And they must have been kept alive for other reasons - perhaps to carry water or possessions on journeys. But it seems more likely they were tapped for blood which, if you drink it or add it to stews, gives you essential extra protein - it's something we find in many parts of the world, and it's still done today by the nomadic peoples in Kenya.
So are our four cows a walking blood bank? The more obvious answer, that they were dairy cows, we can probably rule out, because for several reasons milk was unfortunately off the menu. Not only did these early domesticated cows produce very little milk but, more importantly for humans, drinking cows' milk is very much an acquired skill. Martin Jones again:
'There are a range of other foods that our distant ancestors would not have eaten as readily as we do, something as commoplace as milk is something that we have had to evolve to tolerate, because milk is biologically designed just for very young mammals, and we needed to genetically evolve in order to tolerate drinking milk as adults, and indeed a great number of modern peoples around the world don't have that tolerance of drinking milk as adults.'
So, drinking cows' milk would probably have made these early Egyptians very ill, but they and many other populations eventually adapted. We're not only what we eat, we are essentially what our ancestors - with great difficulty - 'learned' to eat.
But in early Egypt cows were probably also kept as a kind of insurance policy. If crops or the immediate surroundings were damaged by fire, communities could always fall back on the cow for nourishment as a last resort; perhaps not the best thing to eat, but always there. They were also socially and ceremonially significant but, as Fekri Hassan explains, their importance went even deeper:
'Cattle have always had religious significance, both the bulls and the cows; it's related mostly to life. In the desert a cow was the source of life. And we have many representations in rock art, where we see cows with their calves in a more-or-less a religious scene - and we also see human female figurines, also modelled from clay, with raised arms as if they were horns. So it seems to me that cattle were quite important in religious ideology.'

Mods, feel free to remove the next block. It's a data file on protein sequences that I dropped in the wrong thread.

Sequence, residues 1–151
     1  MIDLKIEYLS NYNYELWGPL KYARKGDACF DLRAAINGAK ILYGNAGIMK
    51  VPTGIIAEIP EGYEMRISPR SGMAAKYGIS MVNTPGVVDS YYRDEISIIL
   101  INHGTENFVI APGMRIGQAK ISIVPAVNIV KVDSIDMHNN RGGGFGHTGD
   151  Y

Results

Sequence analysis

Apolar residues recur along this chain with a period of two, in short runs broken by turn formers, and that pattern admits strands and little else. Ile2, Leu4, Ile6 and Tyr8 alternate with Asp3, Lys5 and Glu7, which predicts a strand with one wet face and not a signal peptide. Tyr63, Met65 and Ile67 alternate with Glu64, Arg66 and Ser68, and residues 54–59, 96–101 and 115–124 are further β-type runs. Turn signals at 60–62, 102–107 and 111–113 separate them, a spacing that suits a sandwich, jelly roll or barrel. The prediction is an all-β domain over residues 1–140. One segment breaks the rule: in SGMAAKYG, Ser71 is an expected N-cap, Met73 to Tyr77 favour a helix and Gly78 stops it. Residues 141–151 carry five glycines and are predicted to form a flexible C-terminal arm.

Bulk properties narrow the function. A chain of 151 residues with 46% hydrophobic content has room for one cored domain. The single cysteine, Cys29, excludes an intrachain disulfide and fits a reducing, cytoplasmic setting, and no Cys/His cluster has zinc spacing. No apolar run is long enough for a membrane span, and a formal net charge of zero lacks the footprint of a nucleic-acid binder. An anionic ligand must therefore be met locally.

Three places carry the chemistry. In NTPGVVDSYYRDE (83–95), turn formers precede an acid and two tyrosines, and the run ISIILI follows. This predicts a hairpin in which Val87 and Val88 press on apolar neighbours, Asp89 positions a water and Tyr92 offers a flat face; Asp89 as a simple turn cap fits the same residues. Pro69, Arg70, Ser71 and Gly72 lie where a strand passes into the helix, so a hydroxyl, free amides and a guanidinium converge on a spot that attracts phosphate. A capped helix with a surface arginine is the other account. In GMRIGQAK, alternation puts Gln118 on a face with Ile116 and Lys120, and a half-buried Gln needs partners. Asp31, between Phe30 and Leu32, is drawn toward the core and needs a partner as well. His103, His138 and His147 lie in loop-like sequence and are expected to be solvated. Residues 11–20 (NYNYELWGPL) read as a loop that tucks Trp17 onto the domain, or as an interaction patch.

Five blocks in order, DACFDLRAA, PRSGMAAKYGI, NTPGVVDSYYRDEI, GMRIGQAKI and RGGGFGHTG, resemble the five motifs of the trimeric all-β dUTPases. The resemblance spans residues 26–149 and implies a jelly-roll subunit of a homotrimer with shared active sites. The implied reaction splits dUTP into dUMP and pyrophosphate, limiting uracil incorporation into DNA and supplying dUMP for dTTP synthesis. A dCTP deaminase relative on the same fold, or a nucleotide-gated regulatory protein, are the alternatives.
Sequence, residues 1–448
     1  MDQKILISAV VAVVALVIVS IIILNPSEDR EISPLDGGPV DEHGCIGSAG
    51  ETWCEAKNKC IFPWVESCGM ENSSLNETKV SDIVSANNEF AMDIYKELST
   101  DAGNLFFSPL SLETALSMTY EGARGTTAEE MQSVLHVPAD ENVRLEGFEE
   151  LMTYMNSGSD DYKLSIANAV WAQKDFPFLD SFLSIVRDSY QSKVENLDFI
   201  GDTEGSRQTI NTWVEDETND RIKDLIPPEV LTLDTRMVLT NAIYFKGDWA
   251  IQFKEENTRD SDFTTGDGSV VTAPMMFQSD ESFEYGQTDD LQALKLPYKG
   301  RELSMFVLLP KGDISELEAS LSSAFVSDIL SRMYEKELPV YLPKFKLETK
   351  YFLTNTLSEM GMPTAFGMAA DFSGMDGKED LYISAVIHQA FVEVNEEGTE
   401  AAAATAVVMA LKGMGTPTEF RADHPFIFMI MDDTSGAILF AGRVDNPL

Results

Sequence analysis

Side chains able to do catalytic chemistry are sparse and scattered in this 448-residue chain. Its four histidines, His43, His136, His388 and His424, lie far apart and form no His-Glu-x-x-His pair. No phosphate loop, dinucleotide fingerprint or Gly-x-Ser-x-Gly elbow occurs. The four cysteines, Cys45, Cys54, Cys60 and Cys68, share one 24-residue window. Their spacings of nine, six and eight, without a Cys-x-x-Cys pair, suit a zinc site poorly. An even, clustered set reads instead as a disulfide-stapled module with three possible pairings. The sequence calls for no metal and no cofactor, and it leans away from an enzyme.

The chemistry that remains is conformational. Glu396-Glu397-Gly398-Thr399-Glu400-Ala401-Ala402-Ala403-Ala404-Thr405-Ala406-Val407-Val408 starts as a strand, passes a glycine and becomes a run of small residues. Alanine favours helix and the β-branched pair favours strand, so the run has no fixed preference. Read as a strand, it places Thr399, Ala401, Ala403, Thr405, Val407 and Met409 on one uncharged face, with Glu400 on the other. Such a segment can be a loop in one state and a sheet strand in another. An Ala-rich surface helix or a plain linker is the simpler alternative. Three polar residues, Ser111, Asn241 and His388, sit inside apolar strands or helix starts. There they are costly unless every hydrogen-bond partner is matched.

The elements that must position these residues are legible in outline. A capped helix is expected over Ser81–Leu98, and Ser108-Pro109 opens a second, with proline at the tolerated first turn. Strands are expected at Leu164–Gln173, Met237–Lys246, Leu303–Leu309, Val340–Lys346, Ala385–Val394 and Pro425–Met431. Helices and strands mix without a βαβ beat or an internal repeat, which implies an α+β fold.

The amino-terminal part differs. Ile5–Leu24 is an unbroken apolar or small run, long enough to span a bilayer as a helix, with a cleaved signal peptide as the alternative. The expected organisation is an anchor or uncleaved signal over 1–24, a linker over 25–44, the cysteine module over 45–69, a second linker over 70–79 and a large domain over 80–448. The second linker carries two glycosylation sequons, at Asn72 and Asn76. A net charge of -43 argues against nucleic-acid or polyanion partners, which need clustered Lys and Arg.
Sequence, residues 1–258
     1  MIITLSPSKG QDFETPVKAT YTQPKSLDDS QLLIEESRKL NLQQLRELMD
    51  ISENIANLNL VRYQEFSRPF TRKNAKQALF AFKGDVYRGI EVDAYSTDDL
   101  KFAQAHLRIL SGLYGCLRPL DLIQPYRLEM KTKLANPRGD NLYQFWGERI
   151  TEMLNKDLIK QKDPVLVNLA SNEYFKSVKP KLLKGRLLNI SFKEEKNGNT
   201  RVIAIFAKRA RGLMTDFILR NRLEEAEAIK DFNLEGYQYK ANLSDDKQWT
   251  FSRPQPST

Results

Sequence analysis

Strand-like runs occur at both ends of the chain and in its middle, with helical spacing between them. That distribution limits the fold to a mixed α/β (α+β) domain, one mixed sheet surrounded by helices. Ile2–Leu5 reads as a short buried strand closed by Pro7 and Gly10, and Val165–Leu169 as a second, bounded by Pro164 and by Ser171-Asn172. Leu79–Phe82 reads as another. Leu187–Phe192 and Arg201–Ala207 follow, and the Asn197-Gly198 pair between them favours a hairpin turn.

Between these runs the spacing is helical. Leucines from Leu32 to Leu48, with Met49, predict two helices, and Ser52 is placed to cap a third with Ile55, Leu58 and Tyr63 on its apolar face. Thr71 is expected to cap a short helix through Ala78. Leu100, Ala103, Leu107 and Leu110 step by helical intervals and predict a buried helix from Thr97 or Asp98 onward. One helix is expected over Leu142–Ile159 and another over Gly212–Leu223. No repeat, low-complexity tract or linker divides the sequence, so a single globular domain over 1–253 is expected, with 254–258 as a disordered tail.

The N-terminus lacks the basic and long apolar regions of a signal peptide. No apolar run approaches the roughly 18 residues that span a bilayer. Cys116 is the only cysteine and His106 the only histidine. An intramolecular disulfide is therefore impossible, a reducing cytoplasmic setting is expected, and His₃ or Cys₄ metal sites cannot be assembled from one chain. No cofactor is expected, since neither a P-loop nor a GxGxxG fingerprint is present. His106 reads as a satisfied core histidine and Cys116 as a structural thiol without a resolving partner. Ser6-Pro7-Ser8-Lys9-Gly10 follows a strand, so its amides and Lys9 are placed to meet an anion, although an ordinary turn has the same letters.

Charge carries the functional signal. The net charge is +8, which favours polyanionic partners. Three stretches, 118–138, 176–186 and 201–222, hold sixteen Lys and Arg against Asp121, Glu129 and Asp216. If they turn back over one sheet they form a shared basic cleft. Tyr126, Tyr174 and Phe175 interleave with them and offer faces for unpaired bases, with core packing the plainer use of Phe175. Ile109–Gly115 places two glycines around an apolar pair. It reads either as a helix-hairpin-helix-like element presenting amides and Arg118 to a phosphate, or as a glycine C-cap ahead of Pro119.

The cattle in front of me don't show any outward signs of being particularly special. On closer inspection, however, they don't look like the cows you find on the farm today, anywhere across Europe, North America or the Middle East. Their horns are strikingly different - they curve forwards and much lower than any cows that we know, and that's because they're not like the cows that we know.
All the cows alive in the world today descend from Asia. Our Egyptian model cows look different from the ones we know today because they were descended from native African cattle, which have now become extinct.
Along the Nile Valley, the cow eventually transformed human existence, and in fact became so much a central part of the Egyptian world that it even inspired worship. We all need our gods to be close to what we eat.
Whether this cow worship started as early as the time of our little model cows is still a matter of debate, but in later Egyptian mythology the cow takes on a prominent role in religion, worshipped as the powerful cow goddess Bat.
She is typically shown with the face of a woman and the ears and horns of a cow. And we can see just how far cattle have gained in status, by the fact that subsequently, Egyptian kings were honoured with the title Bull of his Mother - the cow had come to be seen as the creator of the pharaohs.
In the next programme, I'm moving from cows to corn - but I'm staying with the gods - this time, the all-powerful god of maize, in Mexico.